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Western films, from silent to today

Deaf Smith and Johnny Ears (1973)

Deaf Smith and Johnny Ears (1973) poster The year is 1836. The U.S. has won the war with Mexico, leading to the formation of the Republic of Texas. Sam Houston, president of Texas, is working to make the territory part of the United States.

But rebels, led by Gen. Lucius Morton, are plotting to keep Texas independent, and they’re receiving assistance from foreign powers, including Germany.

So Houston dispatches ace spy Erasius Smith (Anthony Quinn) to stop the rebels. Being deaf, Smith will be accompanied by his friend, Johnny Ears (Franco Nero).

The rebels will stop at nothing to maintain Texas independence. They massacre the McDonald family — women and children included — and they’re awaiting a shipment of guns and ammunition to wipe out the last of the resistance.

But Smith is able to locate their stronghold. Problem is, Johnny Ears has found a reason not to risk his life yet again — a pretty whore named Susie (Pamela Tiffin) with a mole on her bottom.

Rating 2 out of 6Review:

Very little works here. Not the overacting by Franco Nero. Not the quarreling between the two. Not the score.

And then there’s the fact that everyone is armed with weapons that wouldn’t have been available in 1836. The rebels have just received a Gatling gun, for crying out loud.

If you’re looking for a bright spot, there’s the initial “sparks” between Nero and Tiffin. He spots her bathing nude, proclaims “what an ass” and becomes obsessed with her mole.

Then he discovers she’s a prostitute who can be bought for $10 and becomes obsessed with more than the mole. They eventually dream of running off together to his gold mine.

Tiffin spends a lot of time running around in a nightie that’s see-through from the waist up, holding this and that up to her chest. But then she seems to forget from time to time.

But if you’re looking for a Western worth watching, just about any Quinn or Nero film you choose will be better than this.

Directed by:
Paolo Cavara

Franco Nero … Johnny Ears
Anthony Quinn … Deaf Smith
Pamela Tiffin … Susie
Franco Graziosi … Gen. Lucius Morton
Adolfo Lastretti … Williams, aka The Reverend
Antonino Faa Di Bruno … The Senator
Ira von Furstenberg … Hester Morton
Renato Romano … J.M. Hoffman
Francesca Benedetti … Mrs. Porter, the Madame
Conchia Airoldi … Rosita McDonald
Renzo Moneta … Col. Mitchell McDonald

Runtime: 91 min.

Los Amigos

Memorable lines:

Madam at whorehouse: “That will be $10.”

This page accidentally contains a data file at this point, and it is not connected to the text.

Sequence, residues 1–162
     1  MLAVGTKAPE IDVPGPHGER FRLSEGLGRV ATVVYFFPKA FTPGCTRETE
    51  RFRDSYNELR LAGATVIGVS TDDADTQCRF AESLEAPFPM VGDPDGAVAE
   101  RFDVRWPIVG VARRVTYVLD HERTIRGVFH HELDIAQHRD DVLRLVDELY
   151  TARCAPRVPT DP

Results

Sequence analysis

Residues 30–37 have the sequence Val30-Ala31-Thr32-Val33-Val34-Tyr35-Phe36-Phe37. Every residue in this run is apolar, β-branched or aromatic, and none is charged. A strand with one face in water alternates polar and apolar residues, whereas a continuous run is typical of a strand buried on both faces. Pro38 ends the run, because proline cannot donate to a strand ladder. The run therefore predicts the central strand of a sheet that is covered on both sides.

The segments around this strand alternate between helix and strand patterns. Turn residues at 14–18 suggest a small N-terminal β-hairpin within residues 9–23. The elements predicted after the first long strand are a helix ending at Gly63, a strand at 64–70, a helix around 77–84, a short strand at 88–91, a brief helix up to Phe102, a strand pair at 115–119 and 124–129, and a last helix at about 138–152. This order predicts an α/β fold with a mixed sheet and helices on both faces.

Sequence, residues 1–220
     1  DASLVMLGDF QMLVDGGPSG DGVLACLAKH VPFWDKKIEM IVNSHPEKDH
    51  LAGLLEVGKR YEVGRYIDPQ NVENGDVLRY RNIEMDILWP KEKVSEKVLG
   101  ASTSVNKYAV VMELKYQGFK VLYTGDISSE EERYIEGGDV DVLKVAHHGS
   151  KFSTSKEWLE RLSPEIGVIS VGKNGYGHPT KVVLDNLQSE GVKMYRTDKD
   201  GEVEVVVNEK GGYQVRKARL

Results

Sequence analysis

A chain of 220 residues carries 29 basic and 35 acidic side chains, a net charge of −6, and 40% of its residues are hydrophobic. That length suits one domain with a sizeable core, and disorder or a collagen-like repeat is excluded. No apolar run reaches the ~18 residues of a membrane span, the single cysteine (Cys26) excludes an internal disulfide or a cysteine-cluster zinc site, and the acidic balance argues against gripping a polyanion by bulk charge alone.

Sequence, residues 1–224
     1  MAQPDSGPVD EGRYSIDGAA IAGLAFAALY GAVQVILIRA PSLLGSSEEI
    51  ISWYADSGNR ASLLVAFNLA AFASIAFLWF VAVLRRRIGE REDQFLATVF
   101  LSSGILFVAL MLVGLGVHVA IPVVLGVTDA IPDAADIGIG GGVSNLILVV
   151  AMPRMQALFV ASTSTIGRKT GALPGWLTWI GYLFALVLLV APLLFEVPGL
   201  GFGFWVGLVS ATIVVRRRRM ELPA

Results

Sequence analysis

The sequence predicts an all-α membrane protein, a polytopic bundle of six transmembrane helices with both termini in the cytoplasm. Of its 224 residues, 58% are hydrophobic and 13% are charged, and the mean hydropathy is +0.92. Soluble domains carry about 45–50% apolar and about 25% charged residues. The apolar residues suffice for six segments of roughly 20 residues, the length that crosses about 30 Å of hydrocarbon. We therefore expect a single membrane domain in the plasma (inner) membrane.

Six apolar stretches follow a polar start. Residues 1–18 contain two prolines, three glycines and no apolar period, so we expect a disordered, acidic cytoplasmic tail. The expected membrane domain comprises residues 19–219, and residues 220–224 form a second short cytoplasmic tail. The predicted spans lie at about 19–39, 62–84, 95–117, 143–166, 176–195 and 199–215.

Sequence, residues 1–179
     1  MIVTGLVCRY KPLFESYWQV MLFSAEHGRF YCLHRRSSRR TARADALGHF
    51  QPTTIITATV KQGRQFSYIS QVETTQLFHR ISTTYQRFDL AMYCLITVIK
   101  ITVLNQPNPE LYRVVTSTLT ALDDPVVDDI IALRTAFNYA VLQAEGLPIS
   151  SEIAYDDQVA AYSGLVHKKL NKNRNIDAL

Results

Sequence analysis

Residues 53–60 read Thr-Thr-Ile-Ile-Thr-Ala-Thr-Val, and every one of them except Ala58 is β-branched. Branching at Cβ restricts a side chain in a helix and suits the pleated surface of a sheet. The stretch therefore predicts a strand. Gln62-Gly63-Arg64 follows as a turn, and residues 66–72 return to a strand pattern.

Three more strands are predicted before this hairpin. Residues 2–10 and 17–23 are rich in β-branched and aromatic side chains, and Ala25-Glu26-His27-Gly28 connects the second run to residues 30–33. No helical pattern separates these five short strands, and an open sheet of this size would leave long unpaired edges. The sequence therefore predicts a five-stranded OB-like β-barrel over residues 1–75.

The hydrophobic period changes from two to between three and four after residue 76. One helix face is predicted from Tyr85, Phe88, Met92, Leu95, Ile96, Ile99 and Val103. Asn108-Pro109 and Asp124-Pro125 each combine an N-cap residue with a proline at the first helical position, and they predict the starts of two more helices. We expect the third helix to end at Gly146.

Johnny Ears: “For what? I haven’t done nothing yet.”
Madam: “Ten dollars is the entrance fee.”
Johnny Ears: “Just to sit down?”
Madam: “That’s right.”
Johnny Ears: “Then I’ll stand. I didn’t come here to spend $10 just to rest my ass.”

Johnny Ears: “What’s wrong with me?”
Suzie: “Well, first of all, you stink.”
Johnny Ears: “Hey, lady, you’re smelling a real man.”

Johnny Ears to Deaf Smith: “I told you before — one thing you can’t interfere with is my screwing!”

Johnny Ears to Deaf Smith as he argues against risking their lives: “All you can think about is being a big man. Erastus Smith can do things nobody else can do. You got to be a big hero. You got to be a big somebody. That’s what keeps you going. Can’t you get it into your thick skull that you’re deaf and dumb. You’re nobody without me.”

Johnny Ears to Deaf Smit, after they’ve planted dynamite: “Such a pity. You’re gonna miss the loudest bang in Texas.”

Johnny Ears: “My old man used to say, ‘Take a pan of water, put some coffee in it, boil it, throw a horseshoe in it. If the horseshoe sinks, add more coffee.”


The film is set in the 1830s, after the Texas Revolution. Yet the enemies of Sam Houston have somehow come across a Gatling gun the likes of which wouldn’t be seen until after the Civil War some 30 years later.

Considered one of Hollywood’s hottest young stars in the early 1960s, former brunette Pamela Tiffin made just three films after this. She had gone to Italy to get away from a failed marriage and wound up marrying a second time in 1974 and retiring from acting.

There really was a Texas frontiersman named Deaf Smith who took part in the Texas revolution, but he was only partially deaf. Deaf Smith County, Texas, is named in his honor.

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